Just a slogan? • For “need to share” to be more than just a political slogan, we need to understand what it might mean technically • … and to explore its feasibility and desirability • … and the risks and benefits
Required Capabilities • • Semantic Interoperability Unknown principals Context Speech acts and negotiation Adjustable privacy Usage control, enforcement, accountability Explanations and provenance Ramifications
Semantic Interoperability • Having a shared policy requires that the parties agree on – The semantics of the policy language (e. g. , is everything not explicitly forbidden allowed? ) – The semantics of the domain ontology (e. g. , who’s a faculty member? ) • The Semantic Web is a big win here.
Unknown Principles • Standard access control is based on authentication – I have a list of who can do what. Just prove to me which of these people you are • In open environments (Web, pervasive computing) this won’t work • We can control access based on their (provable) attributes – Prove you’re a current UMBC student to use the printer
Context • What’s forbidden in a normal situation may be allowed in a life-threatening emergency • Context descriptions (e. g. , tags) can identify the current situation • Policy rules can be conditioned by context – E. g. , as guards on rules or by enabling/ disabling policy modules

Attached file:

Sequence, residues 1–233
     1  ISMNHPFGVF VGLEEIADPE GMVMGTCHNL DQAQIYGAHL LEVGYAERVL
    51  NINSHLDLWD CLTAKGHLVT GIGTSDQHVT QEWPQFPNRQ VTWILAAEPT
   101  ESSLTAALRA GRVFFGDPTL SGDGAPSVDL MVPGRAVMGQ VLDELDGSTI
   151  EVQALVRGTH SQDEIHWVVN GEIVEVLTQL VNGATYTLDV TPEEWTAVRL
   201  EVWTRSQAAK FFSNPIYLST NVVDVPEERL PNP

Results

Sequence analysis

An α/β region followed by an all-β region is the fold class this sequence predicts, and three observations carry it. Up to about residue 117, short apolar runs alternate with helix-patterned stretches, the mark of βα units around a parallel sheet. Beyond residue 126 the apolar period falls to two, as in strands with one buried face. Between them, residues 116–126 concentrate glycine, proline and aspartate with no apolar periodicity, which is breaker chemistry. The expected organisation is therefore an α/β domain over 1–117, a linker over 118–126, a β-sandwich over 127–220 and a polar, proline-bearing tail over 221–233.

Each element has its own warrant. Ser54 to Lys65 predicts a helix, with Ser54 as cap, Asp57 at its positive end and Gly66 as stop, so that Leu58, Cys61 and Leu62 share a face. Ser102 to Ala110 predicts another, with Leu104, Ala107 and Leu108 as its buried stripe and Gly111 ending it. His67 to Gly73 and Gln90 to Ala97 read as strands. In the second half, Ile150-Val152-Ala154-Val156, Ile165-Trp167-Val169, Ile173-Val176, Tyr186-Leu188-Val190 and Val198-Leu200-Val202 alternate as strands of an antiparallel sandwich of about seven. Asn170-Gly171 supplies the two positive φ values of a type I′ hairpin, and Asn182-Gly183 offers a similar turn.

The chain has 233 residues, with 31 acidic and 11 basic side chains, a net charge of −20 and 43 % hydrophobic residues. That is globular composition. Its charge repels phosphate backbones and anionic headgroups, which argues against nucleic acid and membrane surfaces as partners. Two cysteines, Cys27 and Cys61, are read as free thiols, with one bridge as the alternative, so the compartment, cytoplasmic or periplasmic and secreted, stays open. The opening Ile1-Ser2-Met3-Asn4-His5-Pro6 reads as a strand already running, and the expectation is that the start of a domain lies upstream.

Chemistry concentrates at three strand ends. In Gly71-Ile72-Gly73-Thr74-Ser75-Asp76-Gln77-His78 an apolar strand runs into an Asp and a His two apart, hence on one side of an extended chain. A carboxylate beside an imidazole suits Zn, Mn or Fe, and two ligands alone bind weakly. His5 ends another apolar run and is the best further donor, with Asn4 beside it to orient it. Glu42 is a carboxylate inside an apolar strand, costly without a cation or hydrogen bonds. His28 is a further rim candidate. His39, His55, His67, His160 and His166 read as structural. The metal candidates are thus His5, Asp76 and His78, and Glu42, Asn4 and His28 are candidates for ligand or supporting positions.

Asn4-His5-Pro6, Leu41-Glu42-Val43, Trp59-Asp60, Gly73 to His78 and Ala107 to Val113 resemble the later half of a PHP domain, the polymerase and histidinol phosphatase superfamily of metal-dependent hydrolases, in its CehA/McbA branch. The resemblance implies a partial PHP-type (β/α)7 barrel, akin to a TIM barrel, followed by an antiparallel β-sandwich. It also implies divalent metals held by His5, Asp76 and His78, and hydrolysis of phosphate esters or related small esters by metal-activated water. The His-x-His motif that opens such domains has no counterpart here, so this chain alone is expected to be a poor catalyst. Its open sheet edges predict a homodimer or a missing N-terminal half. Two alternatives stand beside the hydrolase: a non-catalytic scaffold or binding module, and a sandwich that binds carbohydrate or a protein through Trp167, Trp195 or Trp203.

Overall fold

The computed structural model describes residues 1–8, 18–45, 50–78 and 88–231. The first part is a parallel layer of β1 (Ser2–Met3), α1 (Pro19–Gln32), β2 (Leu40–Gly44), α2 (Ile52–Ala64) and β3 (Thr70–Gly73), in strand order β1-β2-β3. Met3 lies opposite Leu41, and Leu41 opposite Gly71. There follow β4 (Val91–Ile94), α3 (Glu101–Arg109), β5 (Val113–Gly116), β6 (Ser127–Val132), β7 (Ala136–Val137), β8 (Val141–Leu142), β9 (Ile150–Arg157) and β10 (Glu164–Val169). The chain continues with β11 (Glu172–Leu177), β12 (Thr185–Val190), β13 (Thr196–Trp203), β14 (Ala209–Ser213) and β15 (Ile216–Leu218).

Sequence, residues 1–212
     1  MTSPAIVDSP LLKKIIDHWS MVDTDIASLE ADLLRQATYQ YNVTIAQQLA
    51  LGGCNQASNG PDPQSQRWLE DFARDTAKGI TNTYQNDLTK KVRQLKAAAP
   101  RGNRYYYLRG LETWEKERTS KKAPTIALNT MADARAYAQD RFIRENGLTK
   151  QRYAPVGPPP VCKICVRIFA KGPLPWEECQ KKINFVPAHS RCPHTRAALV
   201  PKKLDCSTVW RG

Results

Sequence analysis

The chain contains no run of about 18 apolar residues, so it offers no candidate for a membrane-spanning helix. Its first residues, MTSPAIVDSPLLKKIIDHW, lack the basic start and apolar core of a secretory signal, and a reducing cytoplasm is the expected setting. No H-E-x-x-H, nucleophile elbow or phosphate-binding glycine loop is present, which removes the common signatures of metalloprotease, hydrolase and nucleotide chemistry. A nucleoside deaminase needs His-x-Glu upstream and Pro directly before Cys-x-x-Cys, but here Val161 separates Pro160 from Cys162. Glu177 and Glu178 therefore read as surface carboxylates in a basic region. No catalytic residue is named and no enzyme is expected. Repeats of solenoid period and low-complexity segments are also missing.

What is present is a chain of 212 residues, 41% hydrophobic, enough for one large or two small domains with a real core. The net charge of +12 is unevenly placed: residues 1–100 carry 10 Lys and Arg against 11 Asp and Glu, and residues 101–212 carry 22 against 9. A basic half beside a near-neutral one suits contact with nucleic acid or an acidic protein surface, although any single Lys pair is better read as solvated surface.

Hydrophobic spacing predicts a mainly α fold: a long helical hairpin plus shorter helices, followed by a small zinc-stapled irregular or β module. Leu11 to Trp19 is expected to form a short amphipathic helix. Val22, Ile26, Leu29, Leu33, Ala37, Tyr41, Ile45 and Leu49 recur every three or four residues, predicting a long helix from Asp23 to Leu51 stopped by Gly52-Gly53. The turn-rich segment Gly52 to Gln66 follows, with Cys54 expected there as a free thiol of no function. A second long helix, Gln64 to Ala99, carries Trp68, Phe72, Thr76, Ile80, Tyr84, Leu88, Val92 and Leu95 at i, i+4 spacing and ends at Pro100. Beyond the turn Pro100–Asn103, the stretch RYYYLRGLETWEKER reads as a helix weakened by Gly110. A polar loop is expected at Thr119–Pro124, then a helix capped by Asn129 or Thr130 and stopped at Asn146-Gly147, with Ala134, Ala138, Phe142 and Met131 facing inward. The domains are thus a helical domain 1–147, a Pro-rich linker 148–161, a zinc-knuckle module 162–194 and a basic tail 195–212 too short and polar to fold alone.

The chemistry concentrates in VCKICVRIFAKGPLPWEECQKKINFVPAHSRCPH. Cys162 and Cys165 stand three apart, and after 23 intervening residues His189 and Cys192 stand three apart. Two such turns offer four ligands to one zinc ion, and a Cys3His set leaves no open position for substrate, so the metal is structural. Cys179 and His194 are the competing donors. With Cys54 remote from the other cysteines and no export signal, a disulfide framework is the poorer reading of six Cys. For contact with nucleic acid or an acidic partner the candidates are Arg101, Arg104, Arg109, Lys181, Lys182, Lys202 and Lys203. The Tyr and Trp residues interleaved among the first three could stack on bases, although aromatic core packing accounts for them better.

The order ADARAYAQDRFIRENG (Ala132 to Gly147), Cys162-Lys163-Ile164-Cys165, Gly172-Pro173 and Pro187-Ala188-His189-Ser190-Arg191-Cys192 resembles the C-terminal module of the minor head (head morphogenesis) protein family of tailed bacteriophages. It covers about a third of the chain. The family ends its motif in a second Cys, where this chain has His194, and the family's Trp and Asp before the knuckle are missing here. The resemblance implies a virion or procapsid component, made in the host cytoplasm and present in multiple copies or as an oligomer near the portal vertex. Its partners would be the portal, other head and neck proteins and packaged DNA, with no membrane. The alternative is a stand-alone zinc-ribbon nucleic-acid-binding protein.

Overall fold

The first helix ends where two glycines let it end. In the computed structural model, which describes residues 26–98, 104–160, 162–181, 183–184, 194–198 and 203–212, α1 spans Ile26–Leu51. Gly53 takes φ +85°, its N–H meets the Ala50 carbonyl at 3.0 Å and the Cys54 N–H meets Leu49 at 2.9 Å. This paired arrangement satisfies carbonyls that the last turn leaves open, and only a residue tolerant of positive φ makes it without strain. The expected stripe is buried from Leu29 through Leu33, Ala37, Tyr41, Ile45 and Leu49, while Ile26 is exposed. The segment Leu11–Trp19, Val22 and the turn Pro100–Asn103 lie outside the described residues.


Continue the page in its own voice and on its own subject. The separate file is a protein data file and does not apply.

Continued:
Adjustable privacy • One way to enforce privacy is to not divulge information • Another is to provide general answers • Where’s John? – [47. 670412403362256, -122. 12013959884644] – In Redmond – In Washington state – On travel • Policies can control the granularity of answers given to different queries
Usage control and accountability • Enforcing policies can be a difficult issue in open, distributed systems • MIT’s policy aware approach is exploring accountability for use – Policy violations can be detected in logs • There’s lots more to usage constraints – E. g. , DRM policies constrain how often you can perform certain operations on an object • Systems need to reason about there own behavior as well as that of others
Explanations and provenance • Explaining why a policy decision holds or doesn’t hold can be important – Explaining why a constraint does not hold continues to be a difficult task • The explanation may involve provenance, citing the source for the facts and policy constraints used
Utility and Ramifications • In some environments, the utility of data may be a factor in whether to share or not – This requires reasoning about the requestor’s tasks, the data’s relevance to them and the availability of alternate data • This may also require Bayesian reasoning – What’s the likelihood that the patient might have diabetes? • In general, a system might reason about the risks and benefits of sharing vs. . not sharing the data
Planned Architecture SPARQL Utility Reasoner Policy Engine OWL Reasoner OWL Domain Ontology Policy Ontology Util Ont RDF Policy Rules Instance Data Bayes Ont
Conclusion • Managing information in open, distributed environments with appropriate security and privacy is increasingly important • Computational policies can help • Semantic Web technologies offer a way to share common policy concepts, policies, and domain models • Other representation and reasoning components will be needed for many application domains.
http: //ebiquity. umbc. edu/